I've been on my current daily drivers, the Dynastar Course Pro, for a little over a year now or about 80 days of skiing them pretty hard. When they were new, they had so much edge grip that it was almost scary - they just didn't want to slide at all, they'd lock into a pure carve and just go fast. Lately, they've been feeling a lot more slidey and my conjecture was that the skis were starting to lose their torsional rigidity and maybe it is time to think about replacing them after this season. So, yesterday I took the opportunity to demo some replacement candidates.
Since most of my time on the hill is spent ripping groomers I am looking for a dedicated tool for that purpose. Compromise or all- mountain skis need not apply. (I've got other skis for the soft snow days). Also, since my home hill is in the midwest and kinda small, I prefer skis with a shorter turning radius - something around 15 meters seems to suit me best.
Dynastar Course Pro 172cm 125-74-106 r=16 This is the replacement for the course TI, so I thought I'd hit that first. It's very similar, although it didn't seem to have any more edge hold than my current aging pair. Did they tone it down, or am i just remembering wrong? Anyway, a good solid frontside carver - a little less lively and a bit more damp than the course TI, but basically the same ski with an ever so slightly longer turn radius. Certainly a replacement candidate, but it didn't make me want to go out and buy a pair right now.
Volkl Code Speedwall S UVO 173cm 122-74-104 Volkl's frontside carver had everything you would expect from volkl - precise, stable, smooth, and lots of edge grip. But at ~17m nominal radius it's too wide a turn for my 425' home hill. I'd feel cheated out a couple turns every run if I skied on these. If my home hill was a bit bigger with more area to roam, these would be a good choice, but they're not the ski for me.
Blizzard X-POWER 770 TI IQ 174cm 123-77-105 This has Blizzard's variable turn radius where the tips and tails have a different nominal turn radius than the middle. I was skeptical about this, but it's a great ski. Very turny, very lively, excellent edge grip (on par with the Course Ti), light weight and easy to ski. This was a lot of fun on the groomers - pressure the tips and the ~13m tip sidecut predominates, get a bit more centered and the turn stretches out as the ~17m radius of the middle comes in to play. The lightweight, playful nature of these skis makes me wonder how they'd do in crud (I like my carvers to be able to power through six inches of cut up crud without bouncing me out of the bindings) I'd need to demo them again under those conditions before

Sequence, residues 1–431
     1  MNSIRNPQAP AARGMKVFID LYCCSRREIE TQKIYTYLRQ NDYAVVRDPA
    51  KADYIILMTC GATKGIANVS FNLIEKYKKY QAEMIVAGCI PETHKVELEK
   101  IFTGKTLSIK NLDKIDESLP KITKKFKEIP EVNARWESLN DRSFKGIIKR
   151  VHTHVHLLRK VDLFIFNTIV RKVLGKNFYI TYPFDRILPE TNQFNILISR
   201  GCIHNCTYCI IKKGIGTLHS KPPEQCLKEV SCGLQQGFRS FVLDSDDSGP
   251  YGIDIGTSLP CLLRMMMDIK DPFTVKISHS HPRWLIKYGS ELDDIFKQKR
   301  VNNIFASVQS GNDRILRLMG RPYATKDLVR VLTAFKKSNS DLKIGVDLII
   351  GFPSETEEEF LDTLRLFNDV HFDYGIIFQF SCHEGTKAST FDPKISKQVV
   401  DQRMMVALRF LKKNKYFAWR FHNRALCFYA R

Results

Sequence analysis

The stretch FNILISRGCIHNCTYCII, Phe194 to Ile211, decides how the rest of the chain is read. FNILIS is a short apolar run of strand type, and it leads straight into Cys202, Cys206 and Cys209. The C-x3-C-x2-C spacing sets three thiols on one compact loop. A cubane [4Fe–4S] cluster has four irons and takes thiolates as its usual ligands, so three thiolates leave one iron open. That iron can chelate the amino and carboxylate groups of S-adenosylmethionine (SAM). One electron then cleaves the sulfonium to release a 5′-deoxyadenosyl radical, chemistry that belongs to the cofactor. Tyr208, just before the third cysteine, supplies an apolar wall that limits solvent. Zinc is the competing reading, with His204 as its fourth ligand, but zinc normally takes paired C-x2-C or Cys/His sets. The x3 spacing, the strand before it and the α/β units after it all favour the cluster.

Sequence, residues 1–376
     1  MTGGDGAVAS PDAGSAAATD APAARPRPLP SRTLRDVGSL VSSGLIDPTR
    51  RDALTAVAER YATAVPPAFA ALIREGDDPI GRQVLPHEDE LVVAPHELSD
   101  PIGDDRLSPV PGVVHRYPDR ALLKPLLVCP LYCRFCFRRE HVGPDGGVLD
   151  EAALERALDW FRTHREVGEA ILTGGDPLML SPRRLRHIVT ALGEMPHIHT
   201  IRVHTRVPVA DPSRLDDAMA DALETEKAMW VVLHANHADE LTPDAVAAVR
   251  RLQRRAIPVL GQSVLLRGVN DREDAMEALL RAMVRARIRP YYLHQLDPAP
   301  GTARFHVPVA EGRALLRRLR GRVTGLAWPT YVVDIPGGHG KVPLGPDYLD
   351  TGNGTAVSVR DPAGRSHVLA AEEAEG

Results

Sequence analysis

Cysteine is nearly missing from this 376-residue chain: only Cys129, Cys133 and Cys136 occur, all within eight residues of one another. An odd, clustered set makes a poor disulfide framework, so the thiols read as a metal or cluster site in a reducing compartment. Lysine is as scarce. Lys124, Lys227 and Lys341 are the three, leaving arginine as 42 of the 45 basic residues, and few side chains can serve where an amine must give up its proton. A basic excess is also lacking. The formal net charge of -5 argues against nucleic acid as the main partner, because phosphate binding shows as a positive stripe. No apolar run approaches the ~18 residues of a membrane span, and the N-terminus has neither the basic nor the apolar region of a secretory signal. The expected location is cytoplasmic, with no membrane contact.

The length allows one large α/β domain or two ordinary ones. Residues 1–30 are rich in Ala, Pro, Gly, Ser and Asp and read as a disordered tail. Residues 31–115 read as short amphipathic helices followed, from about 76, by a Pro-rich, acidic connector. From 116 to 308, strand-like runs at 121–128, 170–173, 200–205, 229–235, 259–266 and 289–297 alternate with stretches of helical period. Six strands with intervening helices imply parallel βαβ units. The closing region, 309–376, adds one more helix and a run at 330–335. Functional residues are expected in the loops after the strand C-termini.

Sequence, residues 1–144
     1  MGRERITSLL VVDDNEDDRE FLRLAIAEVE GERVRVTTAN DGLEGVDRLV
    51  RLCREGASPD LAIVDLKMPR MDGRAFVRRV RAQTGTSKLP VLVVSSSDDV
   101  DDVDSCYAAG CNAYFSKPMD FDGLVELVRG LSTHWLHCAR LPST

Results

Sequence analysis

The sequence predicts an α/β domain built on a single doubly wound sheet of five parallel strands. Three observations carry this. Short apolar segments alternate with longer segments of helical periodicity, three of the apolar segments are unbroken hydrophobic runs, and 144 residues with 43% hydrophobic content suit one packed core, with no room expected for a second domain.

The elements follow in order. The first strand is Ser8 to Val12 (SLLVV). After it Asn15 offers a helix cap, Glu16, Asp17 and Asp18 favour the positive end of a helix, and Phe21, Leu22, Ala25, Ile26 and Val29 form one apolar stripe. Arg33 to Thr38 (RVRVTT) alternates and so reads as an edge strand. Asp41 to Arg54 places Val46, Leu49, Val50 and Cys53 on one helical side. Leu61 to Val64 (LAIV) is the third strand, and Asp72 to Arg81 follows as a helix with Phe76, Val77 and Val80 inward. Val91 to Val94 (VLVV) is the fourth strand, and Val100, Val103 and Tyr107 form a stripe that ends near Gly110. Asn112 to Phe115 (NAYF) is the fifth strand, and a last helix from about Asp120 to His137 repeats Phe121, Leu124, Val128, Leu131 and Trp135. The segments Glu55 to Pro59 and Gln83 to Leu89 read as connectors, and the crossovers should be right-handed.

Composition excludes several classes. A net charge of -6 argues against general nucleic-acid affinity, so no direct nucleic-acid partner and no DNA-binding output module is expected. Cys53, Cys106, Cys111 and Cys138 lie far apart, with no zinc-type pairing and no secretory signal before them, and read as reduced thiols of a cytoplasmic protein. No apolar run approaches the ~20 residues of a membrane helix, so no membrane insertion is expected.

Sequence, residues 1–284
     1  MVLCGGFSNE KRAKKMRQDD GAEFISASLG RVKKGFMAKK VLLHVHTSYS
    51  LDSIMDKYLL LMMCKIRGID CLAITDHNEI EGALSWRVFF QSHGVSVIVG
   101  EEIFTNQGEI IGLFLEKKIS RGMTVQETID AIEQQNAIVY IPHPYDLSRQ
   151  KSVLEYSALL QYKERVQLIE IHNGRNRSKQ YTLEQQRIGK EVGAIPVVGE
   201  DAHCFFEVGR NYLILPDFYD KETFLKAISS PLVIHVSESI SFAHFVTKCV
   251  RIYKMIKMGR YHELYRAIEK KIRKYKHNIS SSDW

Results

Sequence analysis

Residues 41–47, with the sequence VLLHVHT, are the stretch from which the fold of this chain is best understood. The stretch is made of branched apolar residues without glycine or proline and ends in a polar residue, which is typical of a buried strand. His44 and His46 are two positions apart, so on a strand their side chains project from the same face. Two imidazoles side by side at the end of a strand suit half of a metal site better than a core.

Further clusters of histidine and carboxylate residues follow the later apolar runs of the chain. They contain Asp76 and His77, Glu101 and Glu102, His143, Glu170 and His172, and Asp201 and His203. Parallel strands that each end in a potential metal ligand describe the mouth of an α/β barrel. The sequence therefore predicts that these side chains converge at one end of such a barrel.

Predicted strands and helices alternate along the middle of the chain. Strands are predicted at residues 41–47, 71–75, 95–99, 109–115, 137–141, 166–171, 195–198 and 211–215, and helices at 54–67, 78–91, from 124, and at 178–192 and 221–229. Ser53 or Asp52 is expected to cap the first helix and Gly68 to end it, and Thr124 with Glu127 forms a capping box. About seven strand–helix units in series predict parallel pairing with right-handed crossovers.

Blizzard X-POWER 810 TI IQ 174cm 125-81-108 Another variable radius sidecut ski, but with bigger radii. Also much wider under foot. This really wasn't what I was looking for, but thought I'd try it anyway. It felt much "beefier" and more substantial than the 770 - it had that "Volkl smoothness" while easily cranking shorter radius turns than the Code.But definitely not as quick edge-to-edge as the Course TI or 770. I could see buying this and compromising a little bit on my carve-centric criteria to gain a lot more versatility. I might have to give this one a second look.
Nordica Fire Arrow 76 Ti 176cm 126-76-109 This may be the best of the bunch. It seemed much more turny than it's 15.5m sidecut would imply. Great edge grip, on par with my Course Ti. This was just a fun ripper. Would need to ski it in crud before pulling the trigger.
Head i.supershape Rally 170cm 131-76-109 These were pretty darn slidey in comparison to all the other skis I tried. Like the Course Ti's, all the other skis just need a bit of tipping and they'd immediately hook up and carve an arc. The Rally needed a bit of finesse to keep the tails following the tips - it could be done, but the default for this ski seems to be skidding rather than carving. Might be a good choice if you're looking for a ski that's easy to slide or "slarve". With all the slideyness and a nominal radius of 13.6m, this was definitely the easiest ski to maintain speed control on the steeps. Not the ski for me though.
Postscript: At the end of the day I went back to the Course Ti (which had seen a fresh wax and tune while I was demoing). None of the skis I tried had any better edge hold than my current skis, so I'm starting to think that I'm either mis-remembering how grippy they were when new or I've just gotten used to skiing them. Anyway, of all the skis I tried that day, I liked the Course Ti the best - maybe it's the "old shoe" phenomenon, but I think I'm going to plan on getting a third season out of them.